Gut health is crucial for overall health and gut health starts with the microbiome, the bacteria that live in the intestines. Recent focus by researchers has been on finding individual bacteria strains that promote general health. One of the most promising is Akkermansia muciniphila. Unlike most probiotic species, this bacteria lives in the mucus lining of the gut, the natural defense barrier which maintains the health of the intestines. This position allows it to interact with the cells that line the intestines and nearby immune cells improving immune health. Low levels of Akkermansia muciniphila have been linked to obesity, inflammatory bowel diseases, autoimmune diseases, and diabetes while higher levels are linked to healthier weight, lower body fat and better insulin sensitivity.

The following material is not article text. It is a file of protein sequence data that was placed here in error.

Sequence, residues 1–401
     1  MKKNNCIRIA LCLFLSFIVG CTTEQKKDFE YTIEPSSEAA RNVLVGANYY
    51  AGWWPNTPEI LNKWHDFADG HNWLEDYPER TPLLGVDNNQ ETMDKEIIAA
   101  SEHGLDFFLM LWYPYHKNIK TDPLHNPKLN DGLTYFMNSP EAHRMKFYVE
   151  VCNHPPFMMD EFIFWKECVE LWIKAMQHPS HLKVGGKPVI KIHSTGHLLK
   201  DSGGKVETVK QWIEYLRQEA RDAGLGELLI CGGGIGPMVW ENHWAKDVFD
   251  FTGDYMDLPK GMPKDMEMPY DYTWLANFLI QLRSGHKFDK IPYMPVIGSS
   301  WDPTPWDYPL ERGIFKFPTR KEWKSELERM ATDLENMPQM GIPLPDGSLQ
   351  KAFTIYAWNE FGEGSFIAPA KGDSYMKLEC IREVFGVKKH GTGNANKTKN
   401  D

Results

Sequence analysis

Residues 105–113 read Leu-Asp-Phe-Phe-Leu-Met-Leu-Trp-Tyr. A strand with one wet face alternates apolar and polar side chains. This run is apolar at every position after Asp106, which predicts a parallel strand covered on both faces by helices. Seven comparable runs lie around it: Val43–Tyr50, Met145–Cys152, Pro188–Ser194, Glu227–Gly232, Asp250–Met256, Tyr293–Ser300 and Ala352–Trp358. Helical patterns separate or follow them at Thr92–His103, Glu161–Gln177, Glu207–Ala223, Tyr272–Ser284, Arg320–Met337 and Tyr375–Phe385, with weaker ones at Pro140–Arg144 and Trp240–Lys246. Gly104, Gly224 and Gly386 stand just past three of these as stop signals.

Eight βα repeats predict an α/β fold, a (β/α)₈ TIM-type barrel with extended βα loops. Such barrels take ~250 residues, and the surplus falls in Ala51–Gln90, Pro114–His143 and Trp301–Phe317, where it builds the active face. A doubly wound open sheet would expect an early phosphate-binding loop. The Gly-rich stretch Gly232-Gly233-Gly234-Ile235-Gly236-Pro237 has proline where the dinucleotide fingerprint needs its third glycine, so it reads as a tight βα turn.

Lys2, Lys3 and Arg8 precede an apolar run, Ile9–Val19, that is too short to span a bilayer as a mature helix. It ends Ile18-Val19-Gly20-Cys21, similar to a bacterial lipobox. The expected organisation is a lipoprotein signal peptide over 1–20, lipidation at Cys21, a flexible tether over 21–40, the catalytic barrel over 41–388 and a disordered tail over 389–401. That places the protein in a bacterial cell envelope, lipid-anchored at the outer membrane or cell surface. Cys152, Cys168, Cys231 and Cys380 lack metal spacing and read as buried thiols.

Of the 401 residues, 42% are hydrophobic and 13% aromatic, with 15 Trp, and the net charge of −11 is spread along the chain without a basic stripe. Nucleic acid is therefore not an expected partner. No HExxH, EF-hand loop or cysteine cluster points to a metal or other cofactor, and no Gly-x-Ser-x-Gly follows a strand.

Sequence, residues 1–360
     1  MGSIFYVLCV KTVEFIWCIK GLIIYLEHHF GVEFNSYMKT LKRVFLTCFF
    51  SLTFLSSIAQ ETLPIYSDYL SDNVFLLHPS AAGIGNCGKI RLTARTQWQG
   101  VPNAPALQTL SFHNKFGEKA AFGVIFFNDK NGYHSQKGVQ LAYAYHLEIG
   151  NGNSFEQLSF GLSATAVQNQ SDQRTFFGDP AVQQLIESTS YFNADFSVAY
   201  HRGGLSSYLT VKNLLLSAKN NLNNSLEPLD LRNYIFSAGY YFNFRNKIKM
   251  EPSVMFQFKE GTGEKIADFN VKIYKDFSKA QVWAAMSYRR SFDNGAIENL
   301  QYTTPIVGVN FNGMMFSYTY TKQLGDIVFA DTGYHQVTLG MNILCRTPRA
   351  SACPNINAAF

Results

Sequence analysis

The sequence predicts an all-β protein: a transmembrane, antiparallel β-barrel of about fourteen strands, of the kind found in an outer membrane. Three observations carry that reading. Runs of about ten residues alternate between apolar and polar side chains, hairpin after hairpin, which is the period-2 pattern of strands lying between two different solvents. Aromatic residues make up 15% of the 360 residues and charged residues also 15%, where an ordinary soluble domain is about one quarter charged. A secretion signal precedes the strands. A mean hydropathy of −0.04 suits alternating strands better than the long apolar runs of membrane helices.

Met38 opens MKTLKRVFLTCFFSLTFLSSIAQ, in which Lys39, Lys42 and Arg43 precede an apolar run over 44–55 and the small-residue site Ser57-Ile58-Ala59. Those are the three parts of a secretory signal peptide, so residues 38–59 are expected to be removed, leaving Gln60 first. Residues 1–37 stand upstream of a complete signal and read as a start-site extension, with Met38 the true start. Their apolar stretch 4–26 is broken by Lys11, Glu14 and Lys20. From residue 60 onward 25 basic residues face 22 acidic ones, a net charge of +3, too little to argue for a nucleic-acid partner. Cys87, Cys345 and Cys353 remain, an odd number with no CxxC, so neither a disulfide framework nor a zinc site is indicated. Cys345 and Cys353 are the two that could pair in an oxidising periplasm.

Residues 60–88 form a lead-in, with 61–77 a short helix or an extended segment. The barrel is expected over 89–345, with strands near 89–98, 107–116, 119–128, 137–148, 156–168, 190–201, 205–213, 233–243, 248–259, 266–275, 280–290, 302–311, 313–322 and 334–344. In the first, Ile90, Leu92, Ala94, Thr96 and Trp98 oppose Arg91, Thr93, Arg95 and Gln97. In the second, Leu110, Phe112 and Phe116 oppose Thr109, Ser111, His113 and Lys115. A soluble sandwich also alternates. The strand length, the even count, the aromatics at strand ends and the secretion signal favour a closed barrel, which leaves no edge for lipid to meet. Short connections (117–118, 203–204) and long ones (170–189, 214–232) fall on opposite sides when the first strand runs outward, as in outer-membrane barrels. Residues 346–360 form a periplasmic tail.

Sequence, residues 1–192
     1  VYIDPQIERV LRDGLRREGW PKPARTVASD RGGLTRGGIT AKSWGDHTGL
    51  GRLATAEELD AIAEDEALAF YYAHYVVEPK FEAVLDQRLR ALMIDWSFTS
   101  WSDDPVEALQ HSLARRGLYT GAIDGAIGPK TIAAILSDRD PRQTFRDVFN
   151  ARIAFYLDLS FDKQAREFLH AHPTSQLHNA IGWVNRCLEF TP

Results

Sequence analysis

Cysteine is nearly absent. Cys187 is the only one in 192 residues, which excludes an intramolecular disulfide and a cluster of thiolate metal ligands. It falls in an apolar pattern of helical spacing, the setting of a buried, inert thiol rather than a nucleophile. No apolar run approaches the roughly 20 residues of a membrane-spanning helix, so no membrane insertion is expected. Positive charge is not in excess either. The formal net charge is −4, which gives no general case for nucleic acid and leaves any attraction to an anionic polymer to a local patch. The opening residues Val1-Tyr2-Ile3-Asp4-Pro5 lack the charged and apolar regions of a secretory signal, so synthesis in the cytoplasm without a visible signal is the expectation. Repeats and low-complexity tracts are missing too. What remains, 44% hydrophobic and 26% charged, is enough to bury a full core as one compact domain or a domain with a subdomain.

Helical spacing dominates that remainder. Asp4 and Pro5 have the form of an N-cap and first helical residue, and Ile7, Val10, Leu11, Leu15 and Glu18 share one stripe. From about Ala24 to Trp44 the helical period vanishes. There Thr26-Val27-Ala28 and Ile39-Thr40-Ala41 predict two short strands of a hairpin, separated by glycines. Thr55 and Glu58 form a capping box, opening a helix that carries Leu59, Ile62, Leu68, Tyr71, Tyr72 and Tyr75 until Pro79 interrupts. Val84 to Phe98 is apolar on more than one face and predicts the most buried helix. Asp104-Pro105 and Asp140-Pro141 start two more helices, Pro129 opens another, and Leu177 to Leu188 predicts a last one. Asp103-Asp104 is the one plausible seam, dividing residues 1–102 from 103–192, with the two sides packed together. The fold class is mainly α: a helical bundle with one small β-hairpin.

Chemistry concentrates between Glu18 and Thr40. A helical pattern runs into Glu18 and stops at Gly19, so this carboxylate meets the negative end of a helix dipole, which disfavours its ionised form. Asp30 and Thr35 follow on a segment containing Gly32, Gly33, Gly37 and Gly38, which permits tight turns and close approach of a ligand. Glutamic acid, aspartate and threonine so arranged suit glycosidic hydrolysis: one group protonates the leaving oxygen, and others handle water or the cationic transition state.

Researchers have reported that Akkermansia muciniphila:
- Lowered body weight and fat mass
- Reduced blood pressure and A1C
- Improved liver enzymes
- Reduced total cholesterol
- Produces the short chain fatty acids (SCFA) acetate and propionate that provide anti-inflammatory and anti-oxidant benefits while helping to regulate appetite
- Acetate encourages the growth of another bacteria that produces the SCFA butyrate.
- Helps maintain the thickness of the mucus layer
- Increased the expression of proteins that strengthen the tight junctions of the intestinal cells.
The pasteurized form of Akkermansia muciniphila had better results and also improved insulin resistance.
Frontiers in Immunology, 2022. Nature Medicine, 2019. Frontier in Cellular and Infection Microbiology, 2018